Wednesday, June 04, 2008

Detainee Deaths Push Congress to Act

Today the House Judiciary Committee Immigration Subcommittee will question the Department of Homeland Security (DHS) in a hearing about problems with immigrant detainee medical care. "The Department of Homeland Security's denial and delay is leading to death and disability," House Judiciary Committee Chair John Conyers (D-MI) said. "It is time for answers, not excuses," said Conyers (Washington Post).

The hearing follows a series of news reports by the New York Times, Washington Post, 60 Minutes and PBS about immigration detention. Boubacar Bah, a 52-year old tailor from Guinea, detained at the Elizabeth Detention Center, lay unconscious for three days without any official informing his family. His story, reported in the New York Times, brought light to serious concerns about treatment in detention.

From January 2004-November 2007, 66 people died in immigration custody, according to a list obtained by the Times through a Freedom of Information Act (FOIA) request.

Detainee Basic Medical Care Act Introduced

This month House Immigration Subcommittee Chair Zoe Lofgren (D-CA) introduced the Detainee Basic Medical Care Act (HR 5950) to require reporting of detainee deaths to the DHS and Congress and mandate standards of care. "The legislation will help guarantee that minimal standards of care are put in place," said Representative Lofgren. Senator Robert Menendez (D-NJ) introduced a Senate companion version of the bill (S. 3005).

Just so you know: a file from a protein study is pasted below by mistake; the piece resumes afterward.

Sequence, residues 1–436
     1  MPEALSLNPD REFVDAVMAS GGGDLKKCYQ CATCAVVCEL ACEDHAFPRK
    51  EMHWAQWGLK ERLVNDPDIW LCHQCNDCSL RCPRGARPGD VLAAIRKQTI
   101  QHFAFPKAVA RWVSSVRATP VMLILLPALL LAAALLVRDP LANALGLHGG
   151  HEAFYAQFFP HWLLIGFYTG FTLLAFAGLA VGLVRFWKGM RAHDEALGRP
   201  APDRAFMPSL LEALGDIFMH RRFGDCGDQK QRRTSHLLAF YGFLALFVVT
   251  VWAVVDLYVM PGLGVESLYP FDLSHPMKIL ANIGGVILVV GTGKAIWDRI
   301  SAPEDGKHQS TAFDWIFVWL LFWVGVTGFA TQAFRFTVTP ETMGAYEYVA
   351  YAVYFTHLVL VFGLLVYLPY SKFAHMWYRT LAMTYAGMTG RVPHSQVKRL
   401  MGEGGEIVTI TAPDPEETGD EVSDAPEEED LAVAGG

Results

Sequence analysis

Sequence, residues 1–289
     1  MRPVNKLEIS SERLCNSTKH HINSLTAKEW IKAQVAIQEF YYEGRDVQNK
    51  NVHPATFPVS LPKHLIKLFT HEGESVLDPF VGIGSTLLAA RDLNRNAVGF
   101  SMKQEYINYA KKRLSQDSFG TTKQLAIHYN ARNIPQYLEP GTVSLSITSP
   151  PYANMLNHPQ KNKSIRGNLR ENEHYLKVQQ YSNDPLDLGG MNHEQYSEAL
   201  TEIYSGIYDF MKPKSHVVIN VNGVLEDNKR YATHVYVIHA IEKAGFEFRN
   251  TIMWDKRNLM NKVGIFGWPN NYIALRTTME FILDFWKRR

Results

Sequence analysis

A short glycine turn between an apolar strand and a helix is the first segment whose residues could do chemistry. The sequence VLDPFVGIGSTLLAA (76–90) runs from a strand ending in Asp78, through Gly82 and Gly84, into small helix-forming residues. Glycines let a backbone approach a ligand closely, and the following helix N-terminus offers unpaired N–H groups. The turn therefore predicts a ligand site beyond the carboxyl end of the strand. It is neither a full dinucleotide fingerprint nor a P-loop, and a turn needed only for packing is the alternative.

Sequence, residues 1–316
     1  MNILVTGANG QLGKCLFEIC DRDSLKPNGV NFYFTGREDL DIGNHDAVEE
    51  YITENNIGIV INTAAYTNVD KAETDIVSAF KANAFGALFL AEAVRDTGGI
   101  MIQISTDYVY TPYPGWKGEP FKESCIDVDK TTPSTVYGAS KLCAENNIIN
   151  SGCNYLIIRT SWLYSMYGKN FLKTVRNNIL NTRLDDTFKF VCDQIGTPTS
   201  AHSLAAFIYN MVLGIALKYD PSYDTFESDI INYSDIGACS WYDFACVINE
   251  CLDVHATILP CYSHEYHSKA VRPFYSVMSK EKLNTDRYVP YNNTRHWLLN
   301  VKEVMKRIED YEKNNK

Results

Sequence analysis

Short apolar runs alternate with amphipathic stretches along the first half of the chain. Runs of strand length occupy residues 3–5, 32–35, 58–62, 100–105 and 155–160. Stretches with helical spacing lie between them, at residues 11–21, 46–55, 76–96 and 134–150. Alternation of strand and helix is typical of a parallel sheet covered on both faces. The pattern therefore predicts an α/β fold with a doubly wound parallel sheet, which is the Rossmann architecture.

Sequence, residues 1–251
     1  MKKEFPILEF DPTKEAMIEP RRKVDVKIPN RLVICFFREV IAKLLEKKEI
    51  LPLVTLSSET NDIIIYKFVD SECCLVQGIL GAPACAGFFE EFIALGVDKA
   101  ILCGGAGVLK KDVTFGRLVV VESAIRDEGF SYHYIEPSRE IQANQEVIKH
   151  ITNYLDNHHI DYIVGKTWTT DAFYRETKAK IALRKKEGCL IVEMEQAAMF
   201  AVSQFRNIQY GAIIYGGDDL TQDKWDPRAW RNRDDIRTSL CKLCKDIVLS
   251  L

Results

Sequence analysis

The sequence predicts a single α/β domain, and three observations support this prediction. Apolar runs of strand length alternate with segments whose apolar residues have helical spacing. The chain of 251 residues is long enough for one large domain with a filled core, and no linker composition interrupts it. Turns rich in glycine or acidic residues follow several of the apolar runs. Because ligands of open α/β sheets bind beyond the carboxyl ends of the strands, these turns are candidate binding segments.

"Many of those in immigration custody are there for minor violations, many for administrative and paperwork related mistakes. Their detention should not be a death sentence," Lofgren said.

AFSC and Faith-Based Partners Take Action

"Our misguided national fervor to build more jails and incarcerate more individuals, even on the basis of immigration status alone, can only lead to more tragic deaths. We are in grave danger of a nationwide lack of recognition that every individual deserves to be treated with respect. We must reverse this trend before it is too late," wrote Amy Gottlieb, program director, AFSC Immigrant Rights Program in Newark in a letter to the New York Times.

Through its provision of legal services to detainees in New Jersey, leadership development, and support for families of people in detention, AFSC's Newark office has monitored the impact of immigration detention on communities. Members of those communities are bringing their stories to legislators, increasing awareness of the physical, psychological, and social costs of unjust detention.

AFSC has signed onto a national interfaith letter urging members of Congress to support the Detainee Basic Medical Care Act. The letter states, "The faith community is concerned about the government's increasing use of immigration detention and its harmful impact upon children, families and our communities...Our diverse faith backgrounds teach us that every human being must be treated with dignity and respect."